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Honda, GM to launch joint venture to produce fuel-cell car systems

Honda Motor Co. and General Motors Co. of the United States said
Monday they will establish a U.S. subsidiary to jointly produce
next-generation systems for hydrogen-powered vehicles in the country.

The two automakers, which have cooperated to develop systems for
fuel-cell vehicles since 2013, aim to launch production in the
fifty-fifty joint venture around 2020, they said.

American Honda Motor President Toshiaki Mikoshiba told a press
conference in Detroit that the companies decided to set up a
manufacturing base in Michigan "mainly because America is the world's
biggest market for fuel cells."

The automakers aim to gain a competitive edge over their rivals
in the race to further develop the environment-friendly vehicles by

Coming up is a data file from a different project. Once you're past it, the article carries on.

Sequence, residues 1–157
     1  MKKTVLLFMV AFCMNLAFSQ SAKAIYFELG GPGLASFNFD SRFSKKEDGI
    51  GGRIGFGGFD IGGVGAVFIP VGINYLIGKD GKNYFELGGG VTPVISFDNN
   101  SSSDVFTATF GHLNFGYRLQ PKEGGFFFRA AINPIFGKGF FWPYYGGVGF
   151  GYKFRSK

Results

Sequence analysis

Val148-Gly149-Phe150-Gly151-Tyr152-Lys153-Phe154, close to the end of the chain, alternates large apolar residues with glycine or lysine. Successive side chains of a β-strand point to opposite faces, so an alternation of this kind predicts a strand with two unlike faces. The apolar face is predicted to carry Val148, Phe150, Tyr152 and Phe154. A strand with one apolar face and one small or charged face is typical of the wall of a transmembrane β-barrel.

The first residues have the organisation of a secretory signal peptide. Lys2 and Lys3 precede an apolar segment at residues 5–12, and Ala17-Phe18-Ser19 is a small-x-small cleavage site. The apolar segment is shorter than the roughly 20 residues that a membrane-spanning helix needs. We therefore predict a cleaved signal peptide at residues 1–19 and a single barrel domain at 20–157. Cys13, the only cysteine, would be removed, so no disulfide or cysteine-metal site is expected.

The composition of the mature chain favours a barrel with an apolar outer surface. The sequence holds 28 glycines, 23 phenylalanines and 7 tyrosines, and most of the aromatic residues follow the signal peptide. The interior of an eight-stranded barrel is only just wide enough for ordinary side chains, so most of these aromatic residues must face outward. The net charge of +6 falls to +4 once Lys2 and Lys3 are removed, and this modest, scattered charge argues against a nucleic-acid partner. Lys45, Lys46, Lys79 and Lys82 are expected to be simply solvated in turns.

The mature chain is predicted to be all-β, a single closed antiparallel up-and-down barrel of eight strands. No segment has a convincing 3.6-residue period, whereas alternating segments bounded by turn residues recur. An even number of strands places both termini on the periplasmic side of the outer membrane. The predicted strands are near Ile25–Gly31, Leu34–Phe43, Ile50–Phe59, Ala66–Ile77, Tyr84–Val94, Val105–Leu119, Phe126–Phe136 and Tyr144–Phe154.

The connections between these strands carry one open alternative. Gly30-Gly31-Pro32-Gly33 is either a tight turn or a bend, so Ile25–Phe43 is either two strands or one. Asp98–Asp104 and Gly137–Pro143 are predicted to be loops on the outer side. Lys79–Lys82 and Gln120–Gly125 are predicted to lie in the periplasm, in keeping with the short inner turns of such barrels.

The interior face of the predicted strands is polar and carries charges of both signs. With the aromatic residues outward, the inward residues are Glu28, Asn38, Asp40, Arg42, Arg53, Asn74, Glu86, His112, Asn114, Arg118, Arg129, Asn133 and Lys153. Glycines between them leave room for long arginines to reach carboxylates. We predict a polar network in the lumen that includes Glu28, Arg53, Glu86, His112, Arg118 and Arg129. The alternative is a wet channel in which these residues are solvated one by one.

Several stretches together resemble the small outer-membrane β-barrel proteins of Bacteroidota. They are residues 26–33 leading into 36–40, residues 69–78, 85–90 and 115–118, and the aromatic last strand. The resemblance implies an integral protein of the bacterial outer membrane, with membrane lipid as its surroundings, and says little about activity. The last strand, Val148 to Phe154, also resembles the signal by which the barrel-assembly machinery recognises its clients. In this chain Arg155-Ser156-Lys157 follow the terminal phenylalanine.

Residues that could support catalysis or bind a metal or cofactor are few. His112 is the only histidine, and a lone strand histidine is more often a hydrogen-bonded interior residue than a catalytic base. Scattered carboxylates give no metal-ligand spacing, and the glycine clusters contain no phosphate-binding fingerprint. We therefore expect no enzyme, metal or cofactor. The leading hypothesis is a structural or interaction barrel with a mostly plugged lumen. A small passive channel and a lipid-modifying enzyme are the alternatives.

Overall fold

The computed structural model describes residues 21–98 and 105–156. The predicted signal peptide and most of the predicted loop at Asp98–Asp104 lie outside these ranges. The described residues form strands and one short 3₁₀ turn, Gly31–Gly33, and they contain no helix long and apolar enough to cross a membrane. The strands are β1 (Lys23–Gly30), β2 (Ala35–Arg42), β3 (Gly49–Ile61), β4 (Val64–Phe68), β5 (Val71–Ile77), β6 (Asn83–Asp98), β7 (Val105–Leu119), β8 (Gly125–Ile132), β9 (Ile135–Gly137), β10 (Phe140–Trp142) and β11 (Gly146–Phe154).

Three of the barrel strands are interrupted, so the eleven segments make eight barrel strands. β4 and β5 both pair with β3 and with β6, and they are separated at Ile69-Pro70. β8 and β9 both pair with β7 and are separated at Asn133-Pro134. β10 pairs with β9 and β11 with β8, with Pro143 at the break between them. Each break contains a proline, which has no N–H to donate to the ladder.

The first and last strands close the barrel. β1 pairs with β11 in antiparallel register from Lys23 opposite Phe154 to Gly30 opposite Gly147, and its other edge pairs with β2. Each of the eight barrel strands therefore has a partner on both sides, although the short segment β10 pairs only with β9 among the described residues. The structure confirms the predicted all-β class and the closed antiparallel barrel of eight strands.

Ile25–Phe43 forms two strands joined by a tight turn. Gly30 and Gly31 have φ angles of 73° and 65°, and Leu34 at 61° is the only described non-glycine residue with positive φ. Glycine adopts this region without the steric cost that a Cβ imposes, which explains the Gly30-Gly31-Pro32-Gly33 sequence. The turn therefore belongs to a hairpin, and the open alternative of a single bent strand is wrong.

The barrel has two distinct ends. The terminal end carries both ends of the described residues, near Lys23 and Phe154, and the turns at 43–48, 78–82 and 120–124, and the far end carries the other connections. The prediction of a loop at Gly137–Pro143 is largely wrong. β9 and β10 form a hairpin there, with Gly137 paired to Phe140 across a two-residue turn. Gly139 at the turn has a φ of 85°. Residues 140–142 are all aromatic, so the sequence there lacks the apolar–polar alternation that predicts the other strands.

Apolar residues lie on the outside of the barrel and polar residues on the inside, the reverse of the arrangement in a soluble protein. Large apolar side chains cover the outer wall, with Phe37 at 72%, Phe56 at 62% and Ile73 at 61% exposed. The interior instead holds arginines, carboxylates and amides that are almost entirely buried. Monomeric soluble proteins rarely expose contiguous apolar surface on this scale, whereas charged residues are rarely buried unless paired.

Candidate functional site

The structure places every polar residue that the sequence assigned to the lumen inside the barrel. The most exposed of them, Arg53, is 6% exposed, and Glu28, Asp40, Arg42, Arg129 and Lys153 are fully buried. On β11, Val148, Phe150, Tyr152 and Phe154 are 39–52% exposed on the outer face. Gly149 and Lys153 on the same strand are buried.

reducing high production costs through the mass-production tie-up.

But the companies did not disclose at the press conference the
expected impact of the joint venture on profits.

Honda and GM are seeking to downsize fuel batteries and their
peripheral devices, with the aim of using them in fuel-cell vehicles
they plan to sell from 2020, they said.

The two automakers will invest $4.25 million each to establish
the joint venture at a GM factory in Michigan, which will likely
create around 100 new jobs.

They plan to build a new production line to churn out fuel cells
at the Michigan factory, which is currently producing batteries for
electric vehicles.

In line with the envisioned joint venture with GM, Honda will
suspend production of fuel-cell car systems at a factory in Tochigi
Prefecture, eastern Japan.

As part of efforts to expand cooperation with companies in other
business sectors, Honda is considering teaming up with Google Inc. of
the United States in developing self-driving technology.

Japanese automakers are struggling to sell fuel-cell vehicles
due to their high cost and the slow development of required
infrastructure in the country, with Honda launching a
hydrogen-powered vehicle called the Clarity Fuel Cell last year to
challenge rival Toyota Motor Corp.'s Mirai released in 2014.

Around 100 Clarity Fuel Cell vehicles have been sold, while the
Mirai has seen sales of about 2,500 units in Japan, the United States
and Europe. (Jan. 30)